Non-menopausal women stated that they felt somewhat informed about menopause, and generally anticipated experiencing more physical than psychological symptoms with menopause. Ninety-four percent of European non-menopausal women associated physical symptoms with menopause and 66% associated psychological symptoms with menopause, including hot flushes, mood changes (irritability and anxiety), weight gain and night sweats.
Non-menopausal European women overestimated the likelihood of experiencing these symptoms and underestimated that of personally experiencing: VMS, feeling tired, sleep disorders, and memory and concentration loss. Seventy-five percent of Australian non-menopausal women associated physical symptoms with menopause, and 46% associated psychological symptoms with menopause; however, they did not anticipate experiencing most of those symptoms. Eighty-four percent of Australian women associated hot flushes with menopause but only 50% of women anticipated having them, and 68% associated night sweats with menopause but only 37% anticipated experiencing them.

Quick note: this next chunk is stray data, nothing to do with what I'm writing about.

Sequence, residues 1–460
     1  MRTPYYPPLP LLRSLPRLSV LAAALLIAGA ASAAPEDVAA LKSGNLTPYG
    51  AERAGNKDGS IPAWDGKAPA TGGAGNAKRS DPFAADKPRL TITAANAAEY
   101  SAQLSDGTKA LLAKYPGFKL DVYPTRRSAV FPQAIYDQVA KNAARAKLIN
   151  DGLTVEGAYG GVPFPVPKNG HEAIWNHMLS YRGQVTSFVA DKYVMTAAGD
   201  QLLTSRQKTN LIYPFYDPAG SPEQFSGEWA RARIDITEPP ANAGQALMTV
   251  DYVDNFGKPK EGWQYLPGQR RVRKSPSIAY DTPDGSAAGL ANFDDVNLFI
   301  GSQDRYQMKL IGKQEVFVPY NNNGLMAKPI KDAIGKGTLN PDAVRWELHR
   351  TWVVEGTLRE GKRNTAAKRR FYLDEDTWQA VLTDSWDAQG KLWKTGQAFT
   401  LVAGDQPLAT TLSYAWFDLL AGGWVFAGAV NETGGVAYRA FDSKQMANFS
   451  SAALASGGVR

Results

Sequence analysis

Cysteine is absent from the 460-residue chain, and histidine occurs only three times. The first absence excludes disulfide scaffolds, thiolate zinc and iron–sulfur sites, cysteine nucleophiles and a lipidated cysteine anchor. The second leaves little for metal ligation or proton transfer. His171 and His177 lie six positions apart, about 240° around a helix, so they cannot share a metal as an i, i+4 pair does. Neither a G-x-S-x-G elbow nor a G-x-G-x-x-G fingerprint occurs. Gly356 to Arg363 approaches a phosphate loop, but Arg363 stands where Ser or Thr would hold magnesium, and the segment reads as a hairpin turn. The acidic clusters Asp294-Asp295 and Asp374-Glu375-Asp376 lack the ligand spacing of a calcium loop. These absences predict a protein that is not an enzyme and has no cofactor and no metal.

Thirty-three percent of non-menopausal women from AUS perceived that menopause would interfere with “having good physical health”, 40% said it would negatively impact “feeling good about themselves”, and 36% stated that it would impact “having a good sex life”. In EU, 47% of non-menopausal women anticipated that menopause would have no impact on any areas of their QoL.
Despite the potentially far-ranging impact of menopause, at least one-third of European women did not feel supported (by family, friends and HCPs; Figure 3). Only 44% of women from EU stated that they felt well supported. Women in the UK and France, who reported feeling least informed, also felt least supported (UK, 57%; France, 55%).
In AUS, nearly 20% of women had cancelled an event because of menopause-related symptoms, as had 13% of women in EU. Among women in AUS who had cancelled an event, only 13% reported feeling supported, and 46% stated that they felt somewhat supported. By contrast, of the Australian women who had never cancelled an event, 25% stated that they “definitely” felt supported, and 48% reported feeling “somewhat” supported throughout the menopause transition.
Observational studies demonstrate a wide range of symptoms among women as they traverse the menopause; these symptoms often negatively affect health-related QoL parameters. Globally, women appear to experience similar symptoms, but with some variation in frequency, severity, interpretation and consequences . In addition to cultural differences, factors that may influence the menopausal experience include genetics, underlying health, diet, stress, socioeconomic status, employment and relationship status [18,19].